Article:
While browsing thru some old directories I ran across the following file, which seemed fitting given Dennis Ritchie’s recent death. It’s a welcome message displayed to all users when they first logged into Software Tool & Die’s public access unix machine called

From uunet!!dmr  Tue Oct 17 03:35:50 1989
Return-Path: <uunet!!dmr>
Received: from uunet.UUCP by (4.0/SMI-4.0)
	id AA27107; Tue, 17 Oct 89 03:35:50 EDT
From: uunet!!dmr
Received: from by (5.61/1.14) with SMTP
	id AA15993; Tue, 17 Oct 89 03:21:50 -0400
Message-Id: <>
Date: Tue, 17 Oct 89 03:15:37 EDT
Subject: printf


		Dennis Ritchie

I got an account on The World in the early 1990’s and remember seeing this message and being amused and wondering if it was real. It is really from Dennis Ritchie, as confirmed in The World’s founder Barry Shein‘s euloblog for Ritchie.

The thing I notice now about the message is that it took 20 minutes to travel from New Jersey to Boston! Ahh, back in the UUCP days

Sites Refreshed, Crawlbars Eliminated

I’ve refreshed both this blog and Habilis. They now sport Responsive CSS designs, so no matter what device you view them on, you will never see the dreaded crawlbar.

Extechops has switched from the rather narrow and abandoned Day Dream theme to the more comfortable and up-to-date Twenty Ten theme. A modified version of Todd Halfpenny‘s Responsive TwentyTen plugin provides a responsive layout. has had an iPhone style sheet for a while, but now a general-purpose responsive style sheet spans a range of 20 to 82 em on any device. I’m particularly proud of the responsive table-wrapping mechanism on the AppDNA page. For wide-screens, an experimental 2 CSS-column layout is activated on WebKit/Mozilla-based browers via Modernizr.

One advantage of having a site designed in 1999 is that it is unintentionally future-proof. The average screen in 1999 was roughly the size of a iPad screen today – so displays perfectly with only minor adjustments. Thank goodness, I never fell for those 3-column fad designs so popular in the aughts!

Last hit from Google China

Google has closed its search engine in China in a dispute over hacking and censorship. As an English/Japanese site, has never seen much traffic from Google China, so the last hit was in early March. Someone in Beijing searched for “mac os lynx“:

221.x.x.x - - [09/Mar/2010:09:18:29 -0800] "GET /lynxlet/ HTTP/1.1" 200 3355 "" "Mozilla/5.0 (Macintosh; U; Intel Mac OS X 10.6; zh-CN; rv:1.9.2) Gecko/20100115 Firefox/3.6"

Ironically, the second to last hit from Google China was using Google’s own Chrome browser, but it is likely a foreigner because the browser is using English:

121.x.x.x - - [24/Feb/2010:07:38:36 -0800] "GET /validator-sac/ HTTP/1.1" 200 3137 "" "Mozilla/5.0 (Macintosh; U; Intel Mac OS X 10_6_2; en-US) AppleWebKit/533.1 (KHTML, like Gecko) Chrome/5.0.322.2 Safari/533.1"

Cron Tip: Reboot Jobs

If you have an account at a managed hosting service (shared hosting, VPS, etc), system reboots can be unexpected and confusing events. Sysadmins need to reboot for a variety of reasons — hardware problems, security patches, vandalism — and they rarely inform users before or even after the reboot. All you might see are some confusing messages in your error logs, or gaps in the traffic logs.

One solution is to setup a reboot job in your cron table, like this:

@reboot         echo 'Uh oh, a Reboot!'

Now, every time the system is rebooted you will get an email, and you will be better able to interpret or fix any problems that show up.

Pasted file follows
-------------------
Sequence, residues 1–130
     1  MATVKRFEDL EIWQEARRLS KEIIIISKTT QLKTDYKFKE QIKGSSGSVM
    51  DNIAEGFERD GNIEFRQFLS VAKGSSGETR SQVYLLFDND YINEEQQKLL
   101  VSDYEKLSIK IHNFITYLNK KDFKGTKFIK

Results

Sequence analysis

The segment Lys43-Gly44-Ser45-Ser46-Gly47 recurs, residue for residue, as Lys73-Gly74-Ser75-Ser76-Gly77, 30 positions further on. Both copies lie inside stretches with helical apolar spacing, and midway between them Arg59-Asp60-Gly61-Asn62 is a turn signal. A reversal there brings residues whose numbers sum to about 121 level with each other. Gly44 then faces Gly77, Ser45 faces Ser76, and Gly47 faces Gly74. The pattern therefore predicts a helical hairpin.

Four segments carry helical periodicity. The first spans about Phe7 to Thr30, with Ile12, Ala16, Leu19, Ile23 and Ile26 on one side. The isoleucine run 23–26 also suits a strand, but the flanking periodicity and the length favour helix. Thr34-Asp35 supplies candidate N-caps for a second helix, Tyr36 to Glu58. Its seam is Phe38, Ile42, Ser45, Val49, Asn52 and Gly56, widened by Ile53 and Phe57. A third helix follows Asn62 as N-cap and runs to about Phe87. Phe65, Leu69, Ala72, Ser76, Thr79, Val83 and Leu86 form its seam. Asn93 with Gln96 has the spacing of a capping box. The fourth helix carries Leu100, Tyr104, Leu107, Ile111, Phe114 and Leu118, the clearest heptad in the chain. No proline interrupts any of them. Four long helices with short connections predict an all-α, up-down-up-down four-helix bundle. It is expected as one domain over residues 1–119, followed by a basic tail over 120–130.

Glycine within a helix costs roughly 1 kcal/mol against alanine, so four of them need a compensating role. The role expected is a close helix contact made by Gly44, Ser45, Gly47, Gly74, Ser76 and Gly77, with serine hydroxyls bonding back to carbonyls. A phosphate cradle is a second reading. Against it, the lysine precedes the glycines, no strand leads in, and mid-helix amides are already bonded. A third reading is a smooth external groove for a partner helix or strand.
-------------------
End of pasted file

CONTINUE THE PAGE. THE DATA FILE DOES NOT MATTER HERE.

One caveat is that @reboot jobs are run whenever the cron daemon starts, so false positives are possible. However, in practice the cron daemon is almost never restarted on its own.

Over One Billion JSessionID’s Served!

The 2006 RandomCoder article, “JSESSIONID considered harmful” mentions that a Google search on URLs with “jsessionid” in them resulted in 76 million results. Now in 2010, there are over one billion pages with “jsessionid” in the URL!

Although I understand the motivation behind URL-based session-ids (support cookie-less users), it seems inconceivable that all billion of these pages actually need cross-page state, even for casual/anonymous visitors (including search engine robots). I wonder how much bandwidth, memory and processing power are wasted to create empty session objects and shuffling around useless JSessionIDs in URLs and cookies.

Strange Error Log Hits

If you monitor your website error log, you often see strange events. For example, I saw three near-simultaneous hits to an incorrect URL from three different continents! One hit each from Fort Mitchell (Kentucky, USA), Seoul (South Korea), and Jiddah (Saudi Arabia).

[Thu Jan 01 11:27:16 2009] [error] [client] File does not exist: /
[Thu Jan 01 11:27:22 2009] [error] [client] File does not exist: /
[Thu Jan 01 11:27:23 2009] [error] [client] File does not exist: /

Why? And where did the broken path “chucHTTP” come from? It makes one worry about international conspiracies, but it is probably just a poorly coded botnet harvester.

Cron Tip: Monthly Crontab Reminders

Cron jobs are great, but it is very easy to forget what jobs are running, especially if you’re administering multiple cron tables on different servers. The solution is to add a crontab reminder job at the top of every cron table, which emails a listing of the cron table every month:

@monthly        : Crontab Reminder ; crontab -l

The colon is the no-op command, whose arguments describe the job for the email subject line. The ‘crontab -l’ lists the cron table for the current user. Cron displays the user and host on the subject line, so you will know which account is listed.

Subject: Cron <chuck@doublebrain> : Crontab Reminder ...

Now, every month you’ll get a reminder email about what jobs are running under each account. This will also serve as a monthly test of the accounts email settings.